Craig Green
Craig Green in a sequence from Thunder Soul

Alongside that intensive public-school education was another institution that nurtured outstanding musicianship while building community. “We had to play in church,” Harland says, starting to laugh. “It was like, ‘Mom said you gotta come to church and you gotta play.’” “Gotta” is an understatement; Harland, like Scott and Williams, grew up with a mother who worked as a celebrated gospel choir and music director, making church and family life inextricable. “For me, music is always about purpose,” Scott says. “Playing music in the church gave us insight into what the music is about—before we even learned what we were doing.”


“There’s a lot of different music going on [in Houston]. But we all come up through gospel, and being able to support the band and choir,” Williams says. Indeed, Houston has long been a scene without the sort of musical/political baggage that separates one style from another, and the contemporary gospel that fostered these drummers pulled from a wide range of idioms. Underneath it all, however traditional or modern, is the notion that feel is paramount. Playing in church, Harland explains, formed a “foundation of just knowing how to groove.” The techniques behind that, he argues, have created jazz drummers who approach swing from within the kit rather than relegating it to one cymbal. “I think we hear swing like a style,” he says. “It doesn’t have to necessarily come from the ride. It’s an interpretation of the groove.”

“We definitely have an openness to our sound, a way of embodying a bottom-up mentality,” Scott says. “A lot of drummers jazz-wise think cymbals down. We still do think that way, but we [also] think drums up. That’s the way it feels when I hear cats from Houston, because you can hear the gospel influence, which is pretty much like drums from the bottom up. From the top down doesn’t have the same weight, and I think Houston drummers play with a lot of weight.”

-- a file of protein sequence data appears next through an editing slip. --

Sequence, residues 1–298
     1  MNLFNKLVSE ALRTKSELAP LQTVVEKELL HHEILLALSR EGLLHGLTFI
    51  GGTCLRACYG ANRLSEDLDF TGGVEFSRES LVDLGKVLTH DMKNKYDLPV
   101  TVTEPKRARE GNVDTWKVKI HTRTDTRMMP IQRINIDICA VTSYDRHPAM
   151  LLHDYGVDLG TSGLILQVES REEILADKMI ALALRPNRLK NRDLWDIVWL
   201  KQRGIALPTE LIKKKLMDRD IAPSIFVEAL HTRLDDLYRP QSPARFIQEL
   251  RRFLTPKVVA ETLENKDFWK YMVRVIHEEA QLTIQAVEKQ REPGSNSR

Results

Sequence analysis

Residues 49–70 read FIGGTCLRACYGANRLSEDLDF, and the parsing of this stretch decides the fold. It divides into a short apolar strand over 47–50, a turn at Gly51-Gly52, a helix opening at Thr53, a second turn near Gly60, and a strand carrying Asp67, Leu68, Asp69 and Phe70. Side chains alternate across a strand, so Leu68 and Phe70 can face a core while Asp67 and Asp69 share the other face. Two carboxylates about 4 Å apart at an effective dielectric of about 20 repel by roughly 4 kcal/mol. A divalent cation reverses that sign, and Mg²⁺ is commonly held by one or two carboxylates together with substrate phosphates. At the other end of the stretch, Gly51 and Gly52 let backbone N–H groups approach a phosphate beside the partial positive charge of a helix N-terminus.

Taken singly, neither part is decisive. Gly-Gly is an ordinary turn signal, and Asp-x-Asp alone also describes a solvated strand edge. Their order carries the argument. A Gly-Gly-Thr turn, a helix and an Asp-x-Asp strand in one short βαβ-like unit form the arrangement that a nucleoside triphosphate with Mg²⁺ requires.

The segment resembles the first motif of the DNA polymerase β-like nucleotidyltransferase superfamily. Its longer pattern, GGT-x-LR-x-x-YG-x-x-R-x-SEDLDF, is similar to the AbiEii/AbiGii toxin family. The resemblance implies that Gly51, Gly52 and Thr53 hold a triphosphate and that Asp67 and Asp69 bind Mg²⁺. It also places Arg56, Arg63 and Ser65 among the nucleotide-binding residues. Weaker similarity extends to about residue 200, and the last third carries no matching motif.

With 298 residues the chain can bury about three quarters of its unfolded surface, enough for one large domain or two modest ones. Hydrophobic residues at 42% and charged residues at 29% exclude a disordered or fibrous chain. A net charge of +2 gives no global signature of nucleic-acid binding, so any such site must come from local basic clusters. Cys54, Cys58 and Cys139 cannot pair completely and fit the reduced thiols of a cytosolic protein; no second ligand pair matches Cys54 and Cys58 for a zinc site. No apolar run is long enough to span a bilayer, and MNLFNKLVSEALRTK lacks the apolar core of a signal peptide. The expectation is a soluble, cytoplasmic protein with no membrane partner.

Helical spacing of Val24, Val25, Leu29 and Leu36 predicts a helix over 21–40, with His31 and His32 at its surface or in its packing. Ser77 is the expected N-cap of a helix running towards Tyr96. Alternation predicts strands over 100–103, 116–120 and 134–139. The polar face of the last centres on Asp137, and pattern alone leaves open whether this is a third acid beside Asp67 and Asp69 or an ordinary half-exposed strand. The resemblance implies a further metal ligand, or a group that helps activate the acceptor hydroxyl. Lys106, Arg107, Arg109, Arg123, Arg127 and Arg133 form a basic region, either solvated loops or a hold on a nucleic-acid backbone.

When I told Scott that Harland expressed nearly identical thoughts earlier that day, he laughed but also seemed genuinely touched. “Really?” he asked. “My big brother said that? I’m on the right path then.” Which points up yet another integral element of Houston excellence: a constant creative rapport, laced with wisecracking tough love, that’s shared among peers or with drummers slightly older or younger. “It’s ‘Each one teaches one,’” Scott says. Dave recalls revelatory hangs with Sebastian Whittaker, a legendary Houston drummer who passed in 2016 at 49, and whose sightlessness allowed him to develop otherworldly ears—enabling him, for instance, to narrate the movements in Art Blakey concert footage with precision, based solely on what he was hearing. Whittaker could play “swing to where you’d think he never did anything else but just swing,” Dave remembers. “If he wanted to play reggae, he’d play it as if he only likes reggae. … I took that [concept] and kind of amped it up.” Likewise, Dave would shed with Harland, his cousin, when the former came home from college on breaks. Harland in turn worked with Scott.


Even beyond Houston, the city’s heritage has found ways to carry on. Case in point: Williams’ first teacher, Lester Grant, told him stories about Houston swing authority Michael Carvin, who’d left his hometown decades ago for the jazz life in New York. “So once I got to the city,” Williams says, “it was only right that we connected.”

Back in the band room at HSPVA, Scott still felt the sting of not seeing his name on those all-star plaques. That shortcoming inspired him to double down on practice coming out of high school, and after gigging three nights a week while studying at Berklee, things began to click. Then, as now, the plaques represented a lineage of greatness he aspired to join. “When we went back to the room, it hit me again. And of course, I had to be standing with [Harland and Dave]. So it refocused me.

“And then one of the young drummers, Joshua Green, had just walked in the room,” Scott continues. “I looked at him, like, ‘This is crazy.’ [Laughs] Because he’s about to come to Manhattan School of Music, where I’m teaching. So it’s really cool to see the continuum. It’s incredible.”

Originally Published

Evan Haga

Evan Haga worked as an editor and writer at JazzTimes from 2006 to 2018. He is currently the Jazz Curator at TIDAL, and his writing has appeared at, NPR MusicBillboard and other outlets.